fundraisers top record $90 million mark in fiscal 2002
Despite the continuing stock market slump and the tightened economy following
September 11, Boston University's fundraising efforts brought in a record-setting
$90.6 million during the 2002 fiscal year. The total exceeded the $85.6
million raised last year and continued an unprecedented seven-year stretch
of growth in donations to the University.
"September 11 was sobering not only for the country, but for our
own work," said Christopher Reaske, vice president for development
and alumni relations, at a July 11 function celebrating the University's
most successful year of fundraising to date. "We lost some large
foundation proposals, including one for $10 million that had been in the
works for three years, because the foundation sent the $10 million instead
to New York. But we approved of that decision wholeheartedly and told
them that that was a wonderful thing to do.
"We also held up mailings towoes. "It is truly remarkable that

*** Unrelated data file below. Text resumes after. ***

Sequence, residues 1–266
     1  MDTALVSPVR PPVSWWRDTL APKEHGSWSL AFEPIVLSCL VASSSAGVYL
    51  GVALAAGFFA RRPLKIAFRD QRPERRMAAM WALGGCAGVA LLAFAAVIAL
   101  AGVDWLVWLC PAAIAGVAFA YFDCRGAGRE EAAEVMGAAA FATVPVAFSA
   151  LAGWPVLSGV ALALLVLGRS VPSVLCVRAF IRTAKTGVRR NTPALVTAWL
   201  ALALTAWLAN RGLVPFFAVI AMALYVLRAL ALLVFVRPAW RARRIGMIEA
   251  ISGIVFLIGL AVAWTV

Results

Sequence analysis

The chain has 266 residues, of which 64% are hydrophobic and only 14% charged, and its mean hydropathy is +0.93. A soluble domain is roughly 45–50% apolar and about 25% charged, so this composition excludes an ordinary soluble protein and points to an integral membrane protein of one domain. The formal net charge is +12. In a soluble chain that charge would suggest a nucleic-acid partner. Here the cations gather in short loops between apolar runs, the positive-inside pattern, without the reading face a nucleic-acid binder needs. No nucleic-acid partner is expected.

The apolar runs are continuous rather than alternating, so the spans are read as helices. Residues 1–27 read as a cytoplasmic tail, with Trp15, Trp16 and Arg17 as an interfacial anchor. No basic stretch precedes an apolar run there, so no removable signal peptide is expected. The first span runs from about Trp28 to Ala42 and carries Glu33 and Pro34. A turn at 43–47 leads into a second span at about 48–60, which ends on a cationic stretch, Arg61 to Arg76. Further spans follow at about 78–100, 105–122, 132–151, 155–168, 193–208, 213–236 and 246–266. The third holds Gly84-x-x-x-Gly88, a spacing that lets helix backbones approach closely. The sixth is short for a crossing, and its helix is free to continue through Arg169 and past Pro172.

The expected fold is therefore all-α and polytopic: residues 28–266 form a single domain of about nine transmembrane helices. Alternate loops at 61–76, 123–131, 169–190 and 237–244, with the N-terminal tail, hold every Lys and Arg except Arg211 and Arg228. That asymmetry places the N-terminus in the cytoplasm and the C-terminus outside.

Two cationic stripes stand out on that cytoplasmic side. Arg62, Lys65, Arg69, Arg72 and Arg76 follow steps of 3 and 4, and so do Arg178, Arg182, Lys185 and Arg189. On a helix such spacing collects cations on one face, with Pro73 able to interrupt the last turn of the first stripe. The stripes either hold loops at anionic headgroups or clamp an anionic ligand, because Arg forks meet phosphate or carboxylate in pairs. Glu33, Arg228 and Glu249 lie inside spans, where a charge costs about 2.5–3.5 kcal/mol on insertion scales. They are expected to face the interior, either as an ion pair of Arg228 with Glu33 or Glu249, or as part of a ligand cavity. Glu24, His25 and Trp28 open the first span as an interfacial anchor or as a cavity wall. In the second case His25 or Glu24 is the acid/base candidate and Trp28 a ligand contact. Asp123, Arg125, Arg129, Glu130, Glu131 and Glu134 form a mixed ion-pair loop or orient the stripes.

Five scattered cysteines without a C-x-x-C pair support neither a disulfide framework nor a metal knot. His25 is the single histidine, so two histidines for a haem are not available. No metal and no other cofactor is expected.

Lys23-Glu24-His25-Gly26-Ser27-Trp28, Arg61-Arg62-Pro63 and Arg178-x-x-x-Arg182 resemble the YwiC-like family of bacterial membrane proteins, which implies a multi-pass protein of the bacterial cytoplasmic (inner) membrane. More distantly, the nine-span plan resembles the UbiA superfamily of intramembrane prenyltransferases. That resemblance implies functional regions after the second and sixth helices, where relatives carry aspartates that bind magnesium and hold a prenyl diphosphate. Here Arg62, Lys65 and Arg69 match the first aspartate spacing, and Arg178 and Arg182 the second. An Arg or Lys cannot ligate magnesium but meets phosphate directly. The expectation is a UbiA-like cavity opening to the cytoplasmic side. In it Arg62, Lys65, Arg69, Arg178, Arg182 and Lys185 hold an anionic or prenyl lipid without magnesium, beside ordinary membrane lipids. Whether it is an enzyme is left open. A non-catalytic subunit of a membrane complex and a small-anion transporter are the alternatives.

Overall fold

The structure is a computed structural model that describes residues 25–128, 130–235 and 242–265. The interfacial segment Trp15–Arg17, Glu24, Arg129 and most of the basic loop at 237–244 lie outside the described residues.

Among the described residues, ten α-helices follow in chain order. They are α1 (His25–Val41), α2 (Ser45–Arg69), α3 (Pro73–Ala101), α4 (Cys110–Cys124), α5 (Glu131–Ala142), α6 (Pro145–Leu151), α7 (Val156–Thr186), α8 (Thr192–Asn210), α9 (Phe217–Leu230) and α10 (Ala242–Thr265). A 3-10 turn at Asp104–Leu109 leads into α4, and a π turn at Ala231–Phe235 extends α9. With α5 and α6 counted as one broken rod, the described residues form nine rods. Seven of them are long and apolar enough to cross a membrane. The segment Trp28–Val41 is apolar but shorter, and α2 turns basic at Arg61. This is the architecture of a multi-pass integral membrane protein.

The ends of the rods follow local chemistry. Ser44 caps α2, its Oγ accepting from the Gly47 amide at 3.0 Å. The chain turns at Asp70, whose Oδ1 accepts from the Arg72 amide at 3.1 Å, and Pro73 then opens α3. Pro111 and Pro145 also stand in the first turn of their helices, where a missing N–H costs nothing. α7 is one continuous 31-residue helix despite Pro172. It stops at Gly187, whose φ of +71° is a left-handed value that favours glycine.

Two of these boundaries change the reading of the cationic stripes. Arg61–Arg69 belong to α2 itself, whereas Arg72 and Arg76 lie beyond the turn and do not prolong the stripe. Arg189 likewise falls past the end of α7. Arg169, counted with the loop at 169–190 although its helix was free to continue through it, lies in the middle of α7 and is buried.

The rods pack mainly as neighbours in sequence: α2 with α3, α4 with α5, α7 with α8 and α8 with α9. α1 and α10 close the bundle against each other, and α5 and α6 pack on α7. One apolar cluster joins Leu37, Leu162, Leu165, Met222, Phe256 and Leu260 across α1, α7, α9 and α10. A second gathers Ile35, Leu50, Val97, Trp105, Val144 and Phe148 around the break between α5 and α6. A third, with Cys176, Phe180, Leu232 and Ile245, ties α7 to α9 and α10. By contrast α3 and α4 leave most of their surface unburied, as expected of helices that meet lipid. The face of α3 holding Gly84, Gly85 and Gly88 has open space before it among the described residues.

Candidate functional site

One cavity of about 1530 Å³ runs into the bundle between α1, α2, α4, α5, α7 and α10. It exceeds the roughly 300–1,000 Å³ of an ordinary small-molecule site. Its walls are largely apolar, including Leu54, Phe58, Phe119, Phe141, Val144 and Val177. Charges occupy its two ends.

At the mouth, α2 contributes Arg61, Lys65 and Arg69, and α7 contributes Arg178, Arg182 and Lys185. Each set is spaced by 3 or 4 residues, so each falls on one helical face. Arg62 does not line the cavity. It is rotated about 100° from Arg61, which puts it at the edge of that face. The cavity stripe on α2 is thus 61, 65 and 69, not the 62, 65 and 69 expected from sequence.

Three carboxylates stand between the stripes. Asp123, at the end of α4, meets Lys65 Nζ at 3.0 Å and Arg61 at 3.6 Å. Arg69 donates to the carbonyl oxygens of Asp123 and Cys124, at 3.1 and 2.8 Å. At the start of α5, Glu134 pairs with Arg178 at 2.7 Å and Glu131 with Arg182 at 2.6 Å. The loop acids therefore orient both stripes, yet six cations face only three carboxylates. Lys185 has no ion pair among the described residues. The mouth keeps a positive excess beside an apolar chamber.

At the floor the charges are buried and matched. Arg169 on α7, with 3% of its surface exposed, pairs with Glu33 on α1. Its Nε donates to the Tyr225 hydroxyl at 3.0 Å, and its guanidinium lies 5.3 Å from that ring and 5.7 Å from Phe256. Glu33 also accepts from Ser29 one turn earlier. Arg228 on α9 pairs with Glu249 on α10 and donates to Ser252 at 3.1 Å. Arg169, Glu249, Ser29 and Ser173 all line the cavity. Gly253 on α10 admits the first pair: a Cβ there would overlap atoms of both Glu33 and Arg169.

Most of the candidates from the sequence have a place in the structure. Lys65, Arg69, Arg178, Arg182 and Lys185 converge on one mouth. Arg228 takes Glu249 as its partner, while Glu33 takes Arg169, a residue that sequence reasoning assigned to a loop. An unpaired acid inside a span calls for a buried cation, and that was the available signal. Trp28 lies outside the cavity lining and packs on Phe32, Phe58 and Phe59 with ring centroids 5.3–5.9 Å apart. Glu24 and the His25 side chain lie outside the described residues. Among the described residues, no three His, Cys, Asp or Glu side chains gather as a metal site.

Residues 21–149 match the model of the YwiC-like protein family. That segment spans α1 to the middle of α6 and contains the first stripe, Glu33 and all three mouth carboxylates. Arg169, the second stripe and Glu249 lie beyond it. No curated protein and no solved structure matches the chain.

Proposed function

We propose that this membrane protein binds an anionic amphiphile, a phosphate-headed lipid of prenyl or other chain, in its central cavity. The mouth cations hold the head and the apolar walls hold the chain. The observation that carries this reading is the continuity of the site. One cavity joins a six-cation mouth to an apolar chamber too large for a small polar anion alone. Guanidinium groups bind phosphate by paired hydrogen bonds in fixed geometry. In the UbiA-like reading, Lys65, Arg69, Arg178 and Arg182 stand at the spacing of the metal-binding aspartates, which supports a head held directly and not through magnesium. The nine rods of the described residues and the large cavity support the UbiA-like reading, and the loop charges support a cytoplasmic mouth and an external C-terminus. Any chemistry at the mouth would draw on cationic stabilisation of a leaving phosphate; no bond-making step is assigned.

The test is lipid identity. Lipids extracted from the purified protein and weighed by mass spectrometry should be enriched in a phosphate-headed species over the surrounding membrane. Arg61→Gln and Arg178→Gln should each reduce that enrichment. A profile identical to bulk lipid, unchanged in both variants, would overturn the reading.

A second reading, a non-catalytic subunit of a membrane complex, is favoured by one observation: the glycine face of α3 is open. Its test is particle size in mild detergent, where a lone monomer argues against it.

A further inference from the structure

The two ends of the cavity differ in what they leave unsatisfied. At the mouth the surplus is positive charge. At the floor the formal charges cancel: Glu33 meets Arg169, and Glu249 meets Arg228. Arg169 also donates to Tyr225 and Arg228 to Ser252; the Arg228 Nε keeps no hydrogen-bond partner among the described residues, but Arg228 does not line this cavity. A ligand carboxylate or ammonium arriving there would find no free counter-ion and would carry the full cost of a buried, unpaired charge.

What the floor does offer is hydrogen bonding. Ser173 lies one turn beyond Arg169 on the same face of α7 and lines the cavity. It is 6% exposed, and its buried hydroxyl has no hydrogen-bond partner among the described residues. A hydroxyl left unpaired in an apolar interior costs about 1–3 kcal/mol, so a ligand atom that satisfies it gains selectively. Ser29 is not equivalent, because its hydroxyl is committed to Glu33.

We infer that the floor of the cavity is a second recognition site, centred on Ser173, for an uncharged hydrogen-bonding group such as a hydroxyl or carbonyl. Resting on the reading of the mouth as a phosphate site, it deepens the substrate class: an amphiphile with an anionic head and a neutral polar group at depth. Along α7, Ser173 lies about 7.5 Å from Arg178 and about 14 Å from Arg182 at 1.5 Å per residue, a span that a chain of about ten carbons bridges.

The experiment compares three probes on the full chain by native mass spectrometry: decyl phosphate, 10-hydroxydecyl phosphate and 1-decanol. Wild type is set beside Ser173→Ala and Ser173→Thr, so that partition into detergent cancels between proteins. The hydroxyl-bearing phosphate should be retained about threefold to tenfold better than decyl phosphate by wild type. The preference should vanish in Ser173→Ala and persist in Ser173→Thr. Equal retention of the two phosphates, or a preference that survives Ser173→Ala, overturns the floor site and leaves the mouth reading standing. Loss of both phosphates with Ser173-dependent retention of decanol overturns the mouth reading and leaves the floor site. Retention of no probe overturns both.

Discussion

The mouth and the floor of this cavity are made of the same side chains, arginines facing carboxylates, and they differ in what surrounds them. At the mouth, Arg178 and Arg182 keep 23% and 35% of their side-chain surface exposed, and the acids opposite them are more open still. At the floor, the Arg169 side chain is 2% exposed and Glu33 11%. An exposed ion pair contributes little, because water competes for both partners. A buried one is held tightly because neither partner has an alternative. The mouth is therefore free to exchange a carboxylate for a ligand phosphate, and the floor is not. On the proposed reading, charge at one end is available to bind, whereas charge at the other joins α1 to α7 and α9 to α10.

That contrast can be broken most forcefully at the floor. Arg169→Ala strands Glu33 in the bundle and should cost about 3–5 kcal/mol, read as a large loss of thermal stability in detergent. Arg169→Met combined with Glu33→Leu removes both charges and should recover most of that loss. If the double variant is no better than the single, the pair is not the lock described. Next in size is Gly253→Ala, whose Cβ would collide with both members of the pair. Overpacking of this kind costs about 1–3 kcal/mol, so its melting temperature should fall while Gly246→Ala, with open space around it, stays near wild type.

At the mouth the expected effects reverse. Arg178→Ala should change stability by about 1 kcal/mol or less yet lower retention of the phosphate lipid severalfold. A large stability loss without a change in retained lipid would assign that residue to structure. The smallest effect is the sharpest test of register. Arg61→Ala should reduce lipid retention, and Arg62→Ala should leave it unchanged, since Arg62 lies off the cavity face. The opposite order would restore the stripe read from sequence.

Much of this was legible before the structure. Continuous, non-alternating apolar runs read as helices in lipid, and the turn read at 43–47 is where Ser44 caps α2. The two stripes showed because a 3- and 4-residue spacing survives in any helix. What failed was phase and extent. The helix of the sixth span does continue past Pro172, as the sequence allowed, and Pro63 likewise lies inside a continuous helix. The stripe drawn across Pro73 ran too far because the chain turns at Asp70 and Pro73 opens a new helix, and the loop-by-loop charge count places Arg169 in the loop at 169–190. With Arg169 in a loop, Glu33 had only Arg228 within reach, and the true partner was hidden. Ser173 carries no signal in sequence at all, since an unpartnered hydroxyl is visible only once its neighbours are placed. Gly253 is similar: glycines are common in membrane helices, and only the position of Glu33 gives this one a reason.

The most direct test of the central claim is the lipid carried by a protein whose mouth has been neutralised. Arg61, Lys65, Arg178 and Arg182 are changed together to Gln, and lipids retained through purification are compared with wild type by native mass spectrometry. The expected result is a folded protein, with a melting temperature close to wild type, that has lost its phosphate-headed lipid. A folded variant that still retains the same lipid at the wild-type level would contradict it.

we have been able to reach this goal in excess of $90 million in cash
and $150 million in cash and pledges," he said. "This is a distinguished,
and in my opinion, an almost miraculous achievement."
Silber also credited Reaske and BU President Emeritus Jon Westling, who
had resigned two days earlier (see Silber interview on page 1), with overseeing
a groundbreaking era in BU fundraising. In fiscal year 1995, right before
Reaske arrived at BU, the University brought in just $37.7 million in
"Each year we have raised more than we had raised in any previous
year in the history of the University," said Silber. "To put
this year's achievement of $90.6 million in perspective, it may be useful
to remember that Boston University raised $2.5 million in 1971, the year
I came. This shows you just how far we have come."
Chairman of the Board of Trustees Richard DeWolfe (MET'71) and trustee
Edward Masterman also thanked Office of Development and Alumni Relations
"I don't want to lose sight of the fact that every dollar we're able
to raise moves one more spoonful of dirt, puts one more brick on the foundation
[of the new Student Village], and helps one more graduate to become an
educated human being," said DeWolfe. "And it is only by educating
people that we will ultimately live in a world that is free of intolerance.
What we [as fundraisers] are delivering here is not just money, it's the
money to meet the mission of being the beacon of education."